Hepatitis - A
There continues to be a growing outbreak of Hepatitis A in Ohio - Help protect our Community
Hepatitis A is a liver infection caused by a virus. The virus is very contagious and spreading from person to person creating an outbreak.
Hepatitis A is most likely to occur among:
- People who use recreational drugs in any way
- People who have direct contact with someone who has Hepatitis A
- People who have sex with an infected person
- People who were recently in prison or jail
- People experiencing unstable housing or homelessness
- People with chronic liver disease, including cirrhosis, hepatitis B or hepatitis C
Hepatitis A can be prevented with a safe and effective vaccine, but it MUST be given to the at-risk populations above.
We are asking for your help to put an end to this outbreak. Our focus as a community must be on the vaccination of the at-risk populations. Vaccination of individuals not among or not in extremely close contact with these groups will not slow the outbreak.
We need to ensure this message is shared with the right people and that action is taken. The Ohio Department of Health has made vaccination available for these at-risk individuals, who are un-insured or under-insured, at no cost. It is now our duty to educate the public to ensure individuals take advantage of this opportunity. Until we do this, the outbreak can and will continue to grow.
Please contact or encourage someone you know at risk to contact the Health Department at 740-732-4958 for more information today.
TICK BITE PREVENTION
Protect yourself from tickborne disease. Tick exposure can occur year-round, but ticks are most active during warmer months (April-September)
Before You Go Outdoors:
- Know where to expect ticks. Ticks live in grassy, brushy, or wooded areas, or even on animals.
- Treat clothing and gear with products containing 0.5% permethrin. Alternatively, you can buy permethrin- treated clothing and gear.
- Use Environmental Protection Agency (EPA)-registered insect repellents. Always follow product instructions.
Do not use insect repellent on babies younger than 2 months old. Do not use products containing OLE or PMD on children under 3 years old.
After You Come Indoors:
- Check your clothing for ticks.
- Tumble dry clothes in a dryer on high heat for 10 minutes to kill ticks on clothing after you come indoors. If the clothes require washing, hot water is recommended. Cold and medium temperature water will not kill ticks.
- Examine gear and pets. Ticks can ride into the home on clothing and pets, then attach to a person later.
- Shower soon after being outdoors. Showering within two hours of coming indoors has been shown to reduce your risk of getting Lyme disease and may be effective in reducing the risk of other tickborne diseases.
- Check your body for ticks after being outdoors. Conduct a full body check. Use a hand-held or full-length mirror to view all parts of your body.
Check these parts of your body and your child’s body for ticks:
- Under the arms
- In and around the ears
- Inside belly button
- Back of the knees
- In and around the hair
- Between the legs
- Around the waist
Learn more at: https://www.cdc.gov/ticks/index.html
Make Sure Your Child is Protected - MMR Vaccine
Measles is a very contagious disease caused by a virus. It spreads through the air when an infected person coughs or sneezes. Measles starts with fever. Soon after, it causes a cough, runny nose, and red eyes. Then a rash of tiny, red spots breaks out. It starts at the head and spreads to the rest of the body. Cases are being reported to the Center for Disease Control (CDC) from California, Colorado, Connecticut, Illinois, New Jersey, New York, Texas and Washington.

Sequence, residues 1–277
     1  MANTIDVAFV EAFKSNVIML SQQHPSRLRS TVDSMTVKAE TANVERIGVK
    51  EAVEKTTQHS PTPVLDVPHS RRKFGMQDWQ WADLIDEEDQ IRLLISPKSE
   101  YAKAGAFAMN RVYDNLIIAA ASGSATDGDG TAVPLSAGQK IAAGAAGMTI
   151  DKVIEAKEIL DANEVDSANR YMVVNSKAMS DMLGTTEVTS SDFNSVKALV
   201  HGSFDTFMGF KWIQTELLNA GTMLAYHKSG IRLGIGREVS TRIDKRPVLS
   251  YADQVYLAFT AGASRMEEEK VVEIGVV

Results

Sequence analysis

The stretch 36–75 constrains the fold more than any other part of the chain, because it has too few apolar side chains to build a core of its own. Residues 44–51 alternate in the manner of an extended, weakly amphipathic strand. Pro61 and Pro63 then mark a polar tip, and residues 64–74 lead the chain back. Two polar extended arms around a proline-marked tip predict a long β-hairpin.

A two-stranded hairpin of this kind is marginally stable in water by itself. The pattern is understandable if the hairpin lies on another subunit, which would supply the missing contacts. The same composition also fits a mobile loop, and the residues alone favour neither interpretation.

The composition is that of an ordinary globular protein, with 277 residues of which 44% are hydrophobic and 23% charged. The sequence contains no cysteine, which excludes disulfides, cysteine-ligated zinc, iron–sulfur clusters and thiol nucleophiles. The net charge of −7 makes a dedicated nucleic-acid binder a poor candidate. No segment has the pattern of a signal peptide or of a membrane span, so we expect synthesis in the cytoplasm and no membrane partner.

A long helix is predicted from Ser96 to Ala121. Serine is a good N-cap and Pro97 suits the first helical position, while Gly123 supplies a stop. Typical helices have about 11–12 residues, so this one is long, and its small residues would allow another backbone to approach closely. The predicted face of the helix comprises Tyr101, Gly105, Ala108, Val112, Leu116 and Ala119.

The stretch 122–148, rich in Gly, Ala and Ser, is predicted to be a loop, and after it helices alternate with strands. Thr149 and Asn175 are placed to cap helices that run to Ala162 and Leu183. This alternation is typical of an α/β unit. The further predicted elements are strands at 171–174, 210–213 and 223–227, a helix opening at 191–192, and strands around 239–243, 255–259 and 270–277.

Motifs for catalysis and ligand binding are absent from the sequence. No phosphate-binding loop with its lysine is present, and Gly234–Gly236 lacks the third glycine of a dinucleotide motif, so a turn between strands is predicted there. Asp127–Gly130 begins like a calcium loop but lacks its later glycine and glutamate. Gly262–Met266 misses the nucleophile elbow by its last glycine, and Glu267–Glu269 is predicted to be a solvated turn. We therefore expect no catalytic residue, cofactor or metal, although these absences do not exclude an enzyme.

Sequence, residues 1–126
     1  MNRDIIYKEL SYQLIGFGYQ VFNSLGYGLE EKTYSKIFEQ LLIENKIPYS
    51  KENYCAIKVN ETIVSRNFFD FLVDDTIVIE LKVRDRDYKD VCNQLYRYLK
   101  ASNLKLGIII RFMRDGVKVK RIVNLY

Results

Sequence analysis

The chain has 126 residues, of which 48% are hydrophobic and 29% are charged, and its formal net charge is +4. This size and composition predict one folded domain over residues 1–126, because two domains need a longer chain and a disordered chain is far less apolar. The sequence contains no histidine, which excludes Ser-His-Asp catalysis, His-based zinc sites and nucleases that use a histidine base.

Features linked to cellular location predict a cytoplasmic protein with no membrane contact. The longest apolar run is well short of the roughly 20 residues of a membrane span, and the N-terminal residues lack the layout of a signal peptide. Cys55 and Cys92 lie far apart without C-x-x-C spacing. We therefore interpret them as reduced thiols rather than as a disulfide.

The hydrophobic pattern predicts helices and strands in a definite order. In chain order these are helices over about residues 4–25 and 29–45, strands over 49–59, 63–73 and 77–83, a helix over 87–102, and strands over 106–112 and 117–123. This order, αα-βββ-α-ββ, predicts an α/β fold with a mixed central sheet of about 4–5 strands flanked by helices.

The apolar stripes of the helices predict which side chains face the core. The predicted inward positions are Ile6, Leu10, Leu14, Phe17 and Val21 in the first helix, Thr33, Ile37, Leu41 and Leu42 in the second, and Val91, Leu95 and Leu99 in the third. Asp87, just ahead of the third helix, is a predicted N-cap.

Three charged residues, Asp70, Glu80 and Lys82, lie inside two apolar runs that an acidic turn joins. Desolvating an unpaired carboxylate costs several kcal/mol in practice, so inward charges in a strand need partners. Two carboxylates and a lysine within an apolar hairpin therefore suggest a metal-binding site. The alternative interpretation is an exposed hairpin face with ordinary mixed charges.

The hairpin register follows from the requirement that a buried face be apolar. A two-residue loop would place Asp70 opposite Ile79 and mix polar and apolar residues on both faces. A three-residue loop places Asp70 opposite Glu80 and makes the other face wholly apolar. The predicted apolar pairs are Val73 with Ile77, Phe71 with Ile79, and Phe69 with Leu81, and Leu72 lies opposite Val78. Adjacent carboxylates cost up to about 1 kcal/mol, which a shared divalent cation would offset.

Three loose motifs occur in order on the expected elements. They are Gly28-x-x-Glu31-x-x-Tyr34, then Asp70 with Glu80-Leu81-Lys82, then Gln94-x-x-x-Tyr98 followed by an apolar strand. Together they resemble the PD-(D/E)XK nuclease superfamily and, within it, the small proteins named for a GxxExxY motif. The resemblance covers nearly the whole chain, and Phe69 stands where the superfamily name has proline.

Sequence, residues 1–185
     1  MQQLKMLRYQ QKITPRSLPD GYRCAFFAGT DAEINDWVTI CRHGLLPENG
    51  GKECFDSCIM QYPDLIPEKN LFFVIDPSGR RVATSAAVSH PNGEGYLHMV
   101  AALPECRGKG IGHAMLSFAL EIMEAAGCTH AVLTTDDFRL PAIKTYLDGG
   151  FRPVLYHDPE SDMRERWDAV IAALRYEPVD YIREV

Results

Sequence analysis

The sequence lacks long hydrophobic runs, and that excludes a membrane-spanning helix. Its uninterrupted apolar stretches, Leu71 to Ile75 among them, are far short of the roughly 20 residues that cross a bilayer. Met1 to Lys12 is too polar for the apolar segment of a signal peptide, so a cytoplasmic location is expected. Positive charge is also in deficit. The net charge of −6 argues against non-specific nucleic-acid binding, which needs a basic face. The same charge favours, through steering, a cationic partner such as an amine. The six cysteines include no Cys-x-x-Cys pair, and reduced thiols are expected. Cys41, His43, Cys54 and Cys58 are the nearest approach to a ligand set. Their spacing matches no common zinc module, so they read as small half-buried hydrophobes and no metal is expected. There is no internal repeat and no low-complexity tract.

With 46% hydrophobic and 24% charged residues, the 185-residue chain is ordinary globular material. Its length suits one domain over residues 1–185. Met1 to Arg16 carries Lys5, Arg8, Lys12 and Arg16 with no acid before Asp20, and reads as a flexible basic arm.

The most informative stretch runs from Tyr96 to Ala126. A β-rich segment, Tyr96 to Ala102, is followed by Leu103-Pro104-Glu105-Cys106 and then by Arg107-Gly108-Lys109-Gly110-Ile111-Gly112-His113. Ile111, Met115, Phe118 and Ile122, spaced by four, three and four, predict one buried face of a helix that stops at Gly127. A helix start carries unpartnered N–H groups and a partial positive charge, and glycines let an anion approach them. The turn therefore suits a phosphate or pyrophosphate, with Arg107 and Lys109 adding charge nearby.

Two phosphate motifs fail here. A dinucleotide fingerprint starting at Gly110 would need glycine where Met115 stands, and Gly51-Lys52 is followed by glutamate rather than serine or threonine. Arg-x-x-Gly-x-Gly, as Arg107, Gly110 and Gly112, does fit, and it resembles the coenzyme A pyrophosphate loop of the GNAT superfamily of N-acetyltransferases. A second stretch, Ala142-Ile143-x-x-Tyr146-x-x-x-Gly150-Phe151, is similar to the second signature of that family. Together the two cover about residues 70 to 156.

Measles can be prevented with MMR vaccine. The vaccine protects against three diseases: measles, mumps, and rubella. CDC recommends children get two doses of MMR vaccine, starting with the first dose at 12 through 15 months of age, and the second dose at 4 through 6 years of age. Teens and adults should also be up to date on their MMR vaccination.
The MMR vaccine is very safe and effective. Two doses of MMR vaccine are about 97% effective at preventing measles; one dose is about 93% effective.
Children may also get MMRV vaccine, which protects against measles, mumps, rubella, and varicella (chickenpox). This vaccine is only licensed for use in children who are 12 months through 12 years of age.
Before the measles vaccination program started in 1963, an estimated 3 to 4 million people got measles each year in the United States. Of these, approximately 500,000 cases were reported each year to CDC; of these, 400 to 500 died, 48,000 were hospitalized, and 1,000 developed encephalitis (brain swelling) from measles. Since then, widespread use of measles vaccine has led to a greater than 99% reduction in measles cases compared with the pre-vaccine era. However, measles is still common in other countries. Unvaccinated people continue to get measles while abroad and bring the disease into the United States and spread it to others. Visit the CDC's website for more information on Measles Cases in 2019.
After Hours Emergency Protocol
The Noble County Health Department has an after-hours emergency answering service system. This system gives the caller a prompt in the case of a public health emergency to leave a message in a specified mailbox. Any message left in this voice mailbox will cause the system to contact the Nurse on call, who within the required time-frame shall call in to retrieve the message and follow up as required based on the situation protocol. All calls received after normal working hours that are determined to be a public health emergency will be relayed to the Health Commissioner or Medical Director. The phone number of the answering service system is the same as the health department and is available 24 hours a day at 740-732-4958.